The book Gareth B. Matthews, The Child’s Philosopher, edited by Maughn Rollins Gregory (Professor in Educational Foundations and Director of the Institute for the Advancement of Philosophy for Children at Montclair State University) and Megan Jane Laverty (Teachers College, Columbia University), recently received the Philosophy of Education Society of Australia (PESA) Book Award.
PESA recognizes the importance of authored and edited books in advancing knowledge in our field. The publication of a book is often a key milestone in an academic’s career. The PESA Book Awards have been established to acknowledge the significance of selected books published by PESA members each year.
Specific ways in which the book addressed the Book Awards criteria are:
Academic rigor: a range of contemporary scholars from diverse locations and fields engage with Matthews’ essays in ways that critique and assess his scholarship in terms of schooling and childhoods today.
Scholarly significance: the theoretical, philosophical strengths in the theory and philosophy relating to children and childhoods elevated by this book, amongst others, is that it has led to an archive of Matthews’ entire work including original writing, and transcripts of dialogues with children.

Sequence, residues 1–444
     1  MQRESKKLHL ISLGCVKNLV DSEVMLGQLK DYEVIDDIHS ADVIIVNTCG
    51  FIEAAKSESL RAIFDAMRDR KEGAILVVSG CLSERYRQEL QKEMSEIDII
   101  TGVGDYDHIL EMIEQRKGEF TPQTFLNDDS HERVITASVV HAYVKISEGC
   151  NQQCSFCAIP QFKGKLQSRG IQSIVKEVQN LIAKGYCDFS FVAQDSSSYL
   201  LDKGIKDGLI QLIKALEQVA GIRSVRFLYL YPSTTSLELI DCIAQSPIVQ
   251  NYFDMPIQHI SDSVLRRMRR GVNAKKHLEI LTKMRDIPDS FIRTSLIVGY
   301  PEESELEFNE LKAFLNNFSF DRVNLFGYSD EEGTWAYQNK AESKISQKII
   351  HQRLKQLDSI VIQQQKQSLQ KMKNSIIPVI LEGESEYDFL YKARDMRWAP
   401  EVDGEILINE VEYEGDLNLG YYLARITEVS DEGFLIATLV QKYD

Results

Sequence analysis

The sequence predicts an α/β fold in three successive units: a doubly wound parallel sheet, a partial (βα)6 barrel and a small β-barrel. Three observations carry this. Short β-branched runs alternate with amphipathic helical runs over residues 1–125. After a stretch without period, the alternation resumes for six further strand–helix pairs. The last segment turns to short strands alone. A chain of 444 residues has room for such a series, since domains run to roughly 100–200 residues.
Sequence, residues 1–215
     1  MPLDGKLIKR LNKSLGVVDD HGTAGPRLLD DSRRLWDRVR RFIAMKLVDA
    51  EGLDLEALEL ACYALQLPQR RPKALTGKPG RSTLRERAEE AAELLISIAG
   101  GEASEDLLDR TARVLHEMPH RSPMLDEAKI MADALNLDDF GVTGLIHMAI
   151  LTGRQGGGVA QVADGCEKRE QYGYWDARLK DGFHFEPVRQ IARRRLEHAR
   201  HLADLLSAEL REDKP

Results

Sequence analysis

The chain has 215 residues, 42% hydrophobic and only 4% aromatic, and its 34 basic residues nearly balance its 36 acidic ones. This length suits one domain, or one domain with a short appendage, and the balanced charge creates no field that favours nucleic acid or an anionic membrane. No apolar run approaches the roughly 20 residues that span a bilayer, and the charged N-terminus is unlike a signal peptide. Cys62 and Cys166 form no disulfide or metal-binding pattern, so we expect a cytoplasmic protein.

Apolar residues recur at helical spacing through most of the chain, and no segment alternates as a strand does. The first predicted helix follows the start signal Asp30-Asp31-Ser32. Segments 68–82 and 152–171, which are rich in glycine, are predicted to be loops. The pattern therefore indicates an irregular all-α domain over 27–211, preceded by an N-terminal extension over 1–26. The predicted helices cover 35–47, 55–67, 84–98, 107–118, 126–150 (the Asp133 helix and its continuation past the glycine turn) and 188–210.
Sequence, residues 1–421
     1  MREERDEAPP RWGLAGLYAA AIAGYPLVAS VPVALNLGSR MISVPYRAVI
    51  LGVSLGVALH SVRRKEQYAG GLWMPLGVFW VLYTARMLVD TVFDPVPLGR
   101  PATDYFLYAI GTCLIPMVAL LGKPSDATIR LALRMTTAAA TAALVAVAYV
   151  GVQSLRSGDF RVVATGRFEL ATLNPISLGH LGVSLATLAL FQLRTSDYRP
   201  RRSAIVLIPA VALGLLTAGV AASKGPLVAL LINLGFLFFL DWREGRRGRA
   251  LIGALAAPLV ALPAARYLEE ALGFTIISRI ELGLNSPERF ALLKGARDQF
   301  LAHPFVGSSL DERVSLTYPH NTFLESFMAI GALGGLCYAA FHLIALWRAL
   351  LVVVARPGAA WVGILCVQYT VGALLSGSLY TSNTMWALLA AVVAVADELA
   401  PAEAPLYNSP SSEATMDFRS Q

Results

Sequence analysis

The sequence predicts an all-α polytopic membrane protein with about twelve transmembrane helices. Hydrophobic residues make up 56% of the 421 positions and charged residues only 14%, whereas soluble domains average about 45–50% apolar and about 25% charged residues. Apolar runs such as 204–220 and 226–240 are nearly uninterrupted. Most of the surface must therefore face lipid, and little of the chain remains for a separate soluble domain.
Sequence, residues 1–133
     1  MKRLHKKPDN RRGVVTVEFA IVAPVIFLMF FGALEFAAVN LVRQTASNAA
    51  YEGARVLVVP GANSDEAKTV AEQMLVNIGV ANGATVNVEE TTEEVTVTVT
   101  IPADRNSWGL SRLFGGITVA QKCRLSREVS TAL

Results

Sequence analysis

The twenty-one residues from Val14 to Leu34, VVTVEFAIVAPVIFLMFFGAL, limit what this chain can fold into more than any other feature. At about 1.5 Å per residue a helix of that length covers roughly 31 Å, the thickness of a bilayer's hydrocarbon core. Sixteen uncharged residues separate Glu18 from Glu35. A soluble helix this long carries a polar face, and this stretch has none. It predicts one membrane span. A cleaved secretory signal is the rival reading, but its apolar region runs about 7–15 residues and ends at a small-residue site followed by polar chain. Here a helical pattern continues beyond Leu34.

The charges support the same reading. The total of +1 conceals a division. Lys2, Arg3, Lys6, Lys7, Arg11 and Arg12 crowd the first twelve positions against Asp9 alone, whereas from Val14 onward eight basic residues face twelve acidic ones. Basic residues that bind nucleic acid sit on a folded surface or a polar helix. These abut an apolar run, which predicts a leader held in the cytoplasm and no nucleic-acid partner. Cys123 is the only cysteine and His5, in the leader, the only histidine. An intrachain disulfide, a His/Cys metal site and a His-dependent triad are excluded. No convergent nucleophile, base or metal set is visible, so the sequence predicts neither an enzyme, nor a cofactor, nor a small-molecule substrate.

Originality: the innovations and new approaches to theory and philosophy of education promoted in this book are, on the one hand, Matthews’ own innovations, and on the other, the critical engagements of esteemed invited scholars to critique his work.
Insight: the understandings of practical applications of philosophy of/in education in relation to contemporary societal, political, cultural or other issues offered by this book include suggestions for inspiring children and young people to philosophically engage with contemporary societal concerns, including racism, sexism, war, and others.
Relevance: this book contributes to the PESA aim of advancing philosophy and theory of education in its argument for philosophy in the education of children and young people. It claims that young people experience philosophical complexities, delight in playing with ideas and wrestling with concepts, reasoning, and understanding diverse perspectives.